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Pathological responses to oncogenic Hedgehog signaling in skin are dependent on canonical Wnt/β-catenin signaling

Abstract

Constitutive Hedgehog (Hh) signaling underlies several human tumors1, including basal cell carcinoma (BCC) and basaloid follicular hamartoma in skin2,3. Intriguingly, superficial BCCs arise as de novo epithelial buds resembling embryonic hair germs4,5,6, collections of epidermal cells whose development is regulated by canonical Wnt/β-catenin signaling7,8. Similar to embryonic hair germs, human BCC buds showed increased levels of cytoplasmic and nuclear β-catenin and expressed early hair follicle lineage markers. We also detected canonical Wnt/β-catenin signaling in epithelial buds and hamartomas from mice expressing an oncogene, M2SMO9, leading to constitutive Hh signaling in skin. Conditional overexpression of the Wnt pathway antagonist Dkk1 in M2SMO-expressing mice potently inhibited epithelial bud and hamartoma development without affecting Hh signaling. Our findings uncover a hitherto unknown requirement for ligand-driven, canonical Wnt/β-catenin signaling for Hh pathway-driven tumorigenesis, identify a new pharmacological target for these neoplasms and establish the molecular basis for the well-known similarity between early superficial BCCs and embryonic hair germs.

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Figure 1: Human superficial basal cell carcinoma (BCC) expresses hair bud lineage markers.
Figure 2: Ectopic Hh signaling in M2SMO-expressing hairless mouse skin drives superficial BCC-like downgrowths resembling hair buds.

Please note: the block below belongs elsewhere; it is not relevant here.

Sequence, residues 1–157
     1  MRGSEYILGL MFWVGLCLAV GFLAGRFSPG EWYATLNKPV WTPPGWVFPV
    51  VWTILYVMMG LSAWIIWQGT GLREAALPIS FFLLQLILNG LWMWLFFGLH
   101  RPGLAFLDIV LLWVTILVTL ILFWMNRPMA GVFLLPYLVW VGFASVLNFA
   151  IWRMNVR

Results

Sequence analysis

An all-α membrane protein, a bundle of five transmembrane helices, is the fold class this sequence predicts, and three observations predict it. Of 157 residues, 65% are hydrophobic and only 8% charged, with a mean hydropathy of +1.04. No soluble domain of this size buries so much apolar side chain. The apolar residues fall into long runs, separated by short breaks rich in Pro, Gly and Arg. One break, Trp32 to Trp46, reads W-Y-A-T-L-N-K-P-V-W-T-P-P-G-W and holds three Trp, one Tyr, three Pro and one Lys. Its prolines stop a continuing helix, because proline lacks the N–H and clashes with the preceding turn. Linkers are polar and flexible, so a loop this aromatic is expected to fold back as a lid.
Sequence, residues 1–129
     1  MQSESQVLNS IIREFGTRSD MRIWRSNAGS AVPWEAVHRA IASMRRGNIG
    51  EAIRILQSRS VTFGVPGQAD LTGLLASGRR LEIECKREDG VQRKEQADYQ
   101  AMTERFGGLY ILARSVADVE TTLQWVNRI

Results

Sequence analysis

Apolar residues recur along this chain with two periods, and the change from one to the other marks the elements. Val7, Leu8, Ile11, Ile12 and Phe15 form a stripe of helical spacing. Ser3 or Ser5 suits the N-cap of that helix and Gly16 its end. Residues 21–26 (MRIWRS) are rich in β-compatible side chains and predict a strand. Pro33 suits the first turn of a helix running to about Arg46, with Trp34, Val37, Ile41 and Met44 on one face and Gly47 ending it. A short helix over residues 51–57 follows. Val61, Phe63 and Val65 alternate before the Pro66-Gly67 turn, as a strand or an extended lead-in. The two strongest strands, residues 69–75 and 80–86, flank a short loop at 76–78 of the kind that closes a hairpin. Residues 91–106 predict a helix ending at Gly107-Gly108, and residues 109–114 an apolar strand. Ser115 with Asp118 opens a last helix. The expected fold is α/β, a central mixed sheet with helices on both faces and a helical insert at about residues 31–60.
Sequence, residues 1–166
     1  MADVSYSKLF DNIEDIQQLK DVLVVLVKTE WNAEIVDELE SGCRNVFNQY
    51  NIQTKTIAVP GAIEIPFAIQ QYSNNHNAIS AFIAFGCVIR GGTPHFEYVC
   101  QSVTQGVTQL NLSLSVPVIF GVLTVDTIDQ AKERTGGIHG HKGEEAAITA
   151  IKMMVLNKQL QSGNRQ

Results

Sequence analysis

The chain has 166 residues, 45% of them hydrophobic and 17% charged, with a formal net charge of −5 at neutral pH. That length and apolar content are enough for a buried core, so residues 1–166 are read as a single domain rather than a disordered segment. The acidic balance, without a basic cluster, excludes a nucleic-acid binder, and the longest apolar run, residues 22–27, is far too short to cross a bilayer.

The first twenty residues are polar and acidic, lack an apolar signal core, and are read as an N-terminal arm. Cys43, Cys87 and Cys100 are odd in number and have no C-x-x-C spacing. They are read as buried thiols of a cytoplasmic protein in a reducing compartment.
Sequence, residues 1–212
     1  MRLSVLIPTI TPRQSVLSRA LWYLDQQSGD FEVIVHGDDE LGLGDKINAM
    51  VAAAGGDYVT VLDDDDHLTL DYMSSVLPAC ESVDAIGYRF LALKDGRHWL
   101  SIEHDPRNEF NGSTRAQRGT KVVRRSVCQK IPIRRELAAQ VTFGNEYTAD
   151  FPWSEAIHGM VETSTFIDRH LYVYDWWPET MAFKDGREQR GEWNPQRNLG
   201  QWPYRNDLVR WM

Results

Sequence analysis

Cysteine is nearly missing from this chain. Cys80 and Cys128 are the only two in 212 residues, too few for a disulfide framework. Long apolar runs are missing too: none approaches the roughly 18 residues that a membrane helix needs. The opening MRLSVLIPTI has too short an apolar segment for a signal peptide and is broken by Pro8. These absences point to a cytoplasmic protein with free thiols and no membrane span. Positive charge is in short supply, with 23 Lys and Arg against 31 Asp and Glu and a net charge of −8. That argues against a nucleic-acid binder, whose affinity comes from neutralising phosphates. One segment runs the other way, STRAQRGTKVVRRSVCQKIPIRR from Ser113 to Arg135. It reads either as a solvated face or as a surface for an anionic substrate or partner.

Figure 3: Canonical Wnt signaling is activated in human superficial BCC and epithelial buds in M2SMO-expressing hairless mouse skin.
Figure 4: Inhibition of canonical Wnt signaling with Dkk1 blocks M2SMO-induced development of epithelial buds and follicular hamartomas.

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Acknowledgements

We thank Pierre Coulombe for providing K17 rabbit polyclonal antibody and Henry Sun for providing AE13 and AE15 antibodies; Eric Fearon and Deb Gumucio for constructive comments on the manuscript; and members of the Dlugosz lab for valuable input on this project. This work was supported by NIH grants R01-AR45973 and R01-CA87837 (A.A.D.), T32-HD007505 and T32-GM07863 (S.H.Y.), and R01-AR47709 and R01-DE015342 (S.E.M.). For production of transgenic mice we acknowledge members of the Transgenic Animal Model Core of the University of Michigan's Biomedical Research Core Facilities, funded in part by P30-CA46592 (University of Michigan Cancer Center Core support).

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Experiments were designed by S.H.Y. and A.A.D. Tissue harvests, whole-mount analysis, semiquantitative RT-PCR and immunoblotting were performed by S.H.Y. T.S.W. performed collection of human BCC samples. Immunohistochemistry and immunofluorescence staining were carried out by S.H.Y. and A.W. Genotyping was performed by S.H.Y., A.W., J.L., L.-J.S. and J.F. M2SMO-expressing mice were initially generated by V.G. Animal maintenance and breeding were performed by S.H.Y., A.W., J.L. and J.F. TRE-Dkk1 mice were provided by T.A. and S.E.M., and K5-rtTA mice were provided by A.B.G. T.A. and S.E.M. participated in study design and discussion of the results. The manuscript was written by S.H.Y., with draft revisions by A.A.D. and input from S.E.M. and T.A.

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Correspondence to Andrzej A Dlugosz.

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Hoseong Yang, S., Andl, T., Grachtchouk, V. et al. Pathological responses to oncogenic Hedgehog signaling in skin are dependent on canonical Wnt/β-catenin signaling. Nat Genet 40, 1130–1135 (2008). https://doi.org/10.1038/ng.192

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